Well, if he does chose to do that it would be one of the most hypocritical acts in the history of modern politics.
I mean the Fair Work Commission is something that Labor side of politics established. Four out of the five commissioners were appointed personally by Bill Shorten. He himself specifically amended the legislation to insist upon the assessment of penalty rates on a Sunday, and he has repeatedly said that given that he asked them to specifically look at that, that he would abide by their decision on that issue.
It just is a matter of fact that if he were now to do as appears is the case, to both criticise that decision, indicate that it should be overridden in some way, would be a level of hypocrisy which is astounding, even by modern political standards. But, something maybe that I’m not surprised at.
How are you going to combat it?
I think that you have to, and everyone in the Australian community has got to think about what the Fair Work Commission has done and why they have done it.
I mean it was a very long, torturous process and they received 5,900 submissions, 39 days of hearing, evidence from 143 witnesses, effectively cross-examination and examination of a whole range of those witnesses. They have made what is obviously a challenging decision, but they have made it because they consider it’s in the best interest overall of all of the people in the Australian workforce.
I’ve been working my way through, slowly, the decision – it’s very long obviously. One of the very notable things that they say is that it’s no longer appropriate to take in to account the need for, they call it a ‘deterrence factor’, which is to say that when the original penalty rates on a Sunday were established, the idea was that – part of that was designed to deter employers from scheduling work on those hours, i.e. outside normal hours, i.e. on a Sunday.
One of the things that the Fair Work Commission says is that that’s no longer appropriate. The idea that the penalty rates were originally established to actually deter businesses from doing business, operating on a Sunday and employing people – I think what the Fair Work Commission has done here, has tried to balance the interest of people who were earning the penalty rates with the interests of all the other people who could otherwise be employed because businesses will open more, because they will trade longer hours, because people who operate small businesses will employ staff rather than family members or doing it themselves, because of the prohibitive nature of what was occurring previously on a Sunday.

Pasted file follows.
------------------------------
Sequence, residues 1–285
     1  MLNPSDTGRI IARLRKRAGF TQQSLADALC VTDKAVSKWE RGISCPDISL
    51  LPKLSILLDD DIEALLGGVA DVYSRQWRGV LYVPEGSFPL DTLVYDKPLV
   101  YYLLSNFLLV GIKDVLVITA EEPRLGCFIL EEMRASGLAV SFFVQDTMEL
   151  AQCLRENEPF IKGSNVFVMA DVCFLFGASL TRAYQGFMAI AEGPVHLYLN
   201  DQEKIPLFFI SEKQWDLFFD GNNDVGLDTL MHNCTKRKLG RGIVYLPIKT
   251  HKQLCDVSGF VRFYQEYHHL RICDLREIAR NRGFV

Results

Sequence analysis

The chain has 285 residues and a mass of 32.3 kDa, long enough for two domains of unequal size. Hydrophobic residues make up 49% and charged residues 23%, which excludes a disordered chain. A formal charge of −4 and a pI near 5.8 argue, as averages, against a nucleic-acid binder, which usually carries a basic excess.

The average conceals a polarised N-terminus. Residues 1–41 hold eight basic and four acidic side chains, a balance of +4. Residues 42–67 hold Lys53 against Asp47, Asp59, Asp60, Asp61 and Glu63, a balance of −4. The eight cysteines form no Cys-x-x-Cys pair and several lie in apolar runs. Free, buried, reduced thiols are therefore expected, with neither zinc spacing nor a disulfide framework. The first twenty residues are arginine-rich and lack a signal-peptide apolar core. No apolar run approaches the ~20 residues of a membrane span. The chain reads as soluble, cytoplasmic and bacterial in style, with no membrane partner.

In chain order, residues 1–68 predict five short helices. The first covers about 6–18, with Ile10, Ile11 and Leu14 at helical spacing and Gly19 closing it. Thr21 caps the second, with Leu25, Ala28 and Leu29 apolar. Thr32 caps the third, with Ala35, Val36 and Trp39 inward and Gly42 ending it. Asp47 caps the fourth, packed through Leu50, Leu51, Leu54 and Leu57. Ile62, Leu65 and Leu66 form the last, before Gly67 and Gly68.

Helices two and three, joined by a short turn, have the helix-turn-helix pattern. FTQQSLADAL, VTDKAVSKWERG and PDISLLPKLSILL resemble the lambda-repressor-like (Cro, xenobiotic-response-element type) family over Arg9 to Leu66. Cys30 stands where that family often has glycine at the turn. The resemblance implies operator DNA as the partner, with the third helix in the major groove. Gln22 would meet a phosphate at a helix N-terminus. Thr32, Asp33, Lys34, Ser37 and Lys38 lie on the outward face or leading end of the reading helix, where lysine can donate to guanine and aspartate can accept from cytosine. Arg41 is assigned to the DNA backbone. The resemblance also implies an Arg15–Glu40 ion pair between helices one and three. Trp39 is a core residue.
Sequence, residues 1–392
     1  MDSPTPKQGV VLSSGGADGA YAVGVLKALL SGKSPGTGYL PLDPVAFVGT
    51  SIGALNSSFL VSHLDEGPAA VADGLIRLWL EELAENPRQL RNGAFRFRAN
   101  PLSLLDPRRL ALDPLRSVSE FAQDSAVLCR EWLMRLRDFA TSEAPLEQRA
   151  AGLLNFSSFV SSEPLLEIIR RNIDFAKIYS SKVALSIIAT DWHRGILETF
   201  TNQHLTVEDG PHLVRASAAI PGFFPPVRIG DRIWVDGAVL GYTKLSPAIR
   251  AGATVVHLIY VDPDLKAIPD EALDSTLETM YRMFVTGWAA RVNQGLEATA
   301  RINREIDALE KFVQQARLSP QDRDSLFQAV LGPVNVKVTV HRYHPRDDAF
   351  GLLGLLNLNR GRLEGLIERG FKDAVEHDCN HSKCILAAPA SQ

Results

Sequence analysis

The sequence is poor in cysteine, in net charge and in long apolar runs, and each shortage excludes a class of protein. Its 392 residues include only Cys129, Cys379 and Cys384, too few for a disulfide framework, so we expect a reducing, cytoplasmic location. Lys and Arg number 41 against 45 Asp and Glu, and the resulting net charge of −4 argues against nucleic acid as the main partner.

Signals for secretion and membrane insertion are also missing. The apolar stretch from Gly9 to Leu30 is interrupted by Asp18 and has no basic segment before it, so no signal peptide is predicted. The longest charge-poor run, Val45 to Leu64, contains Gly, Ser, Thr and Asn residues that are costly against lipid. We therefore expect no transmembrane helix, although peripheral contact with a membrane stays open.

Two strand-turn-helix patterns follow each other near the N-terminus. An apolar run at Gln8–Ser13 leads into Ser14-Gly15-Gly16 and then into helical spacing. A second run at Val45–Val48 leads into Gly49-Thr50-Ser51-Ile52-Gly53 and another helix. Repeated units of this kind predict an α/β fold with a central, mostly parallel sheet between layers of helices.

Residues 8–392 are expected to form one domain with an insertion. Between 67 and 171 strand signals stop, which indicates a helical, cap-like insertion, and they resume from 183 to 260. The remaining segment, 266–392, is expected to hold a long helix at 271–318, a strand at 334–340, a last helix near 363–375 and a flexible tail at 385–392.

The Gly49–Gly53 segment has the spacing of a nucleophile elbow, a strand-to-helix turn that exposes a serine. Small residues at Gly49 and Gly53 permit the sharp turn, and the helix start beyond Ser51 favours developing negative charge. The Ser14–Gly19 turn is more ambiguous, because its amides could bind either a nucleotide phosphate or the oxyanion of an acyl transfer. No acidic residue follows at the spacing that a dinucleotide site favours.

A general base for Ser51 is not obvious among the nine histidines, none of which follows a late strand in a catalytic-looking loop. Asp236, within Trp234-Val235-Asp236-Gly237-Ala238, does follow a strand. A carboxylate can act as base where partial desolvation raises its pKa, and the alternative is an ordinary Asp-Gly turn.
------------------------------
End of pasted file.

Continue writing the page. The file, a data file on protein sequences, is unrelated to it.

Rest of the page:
I think that people will come to see more of the detail of this decision and understand the way in which the Fair Work Commission has made determinations that this is in the best interest of people in terms of better, bigger and longer employment on Sundays.
There was a Newspoll out this week and the headline figure on the two party preferred was 55-45 to Labor. Perhaps even more noteworthy than that was that the Coalition’s primary vote was a paltry 34 per cent – now I reckon if that holds true that you would lose your seat of Pearce.
Are you confident that Malcolm Turnbull is the man to take your party to the election?
I absolutely am 100 per cent. There’s a long way to go to the election, and sometimes the case that when you make decisions which are fundamentally responsible and difficult decisions that are in the best long-term interest of not only individual electorates, but Australians generally that early in terms, those decisions manifest in polls which aren’t always that glamorous, because they are difficult, challenging decisions in the real world where you’re trying to be responsible and benefit people in the long run. I think that this is a much longer game than a week to week, month to month, polling exercise.
Graham Richardson in The Australian says that he believes Malcolm Turnbull’s gone, the only question is who will replace him.
He says that you might be a candidate to replace him, except that outside Perth you’re a complete unknown. How do you feel about being lumped in Graham Richardson’s column this morning?
Malcolm Turnbull has, in my observation, some of the strongest support of any political leader I’ve ever seen inside the Liberal Party. That’s just the..
Christian Porter, thanks for your time today.
Thank you, cheers Gareth.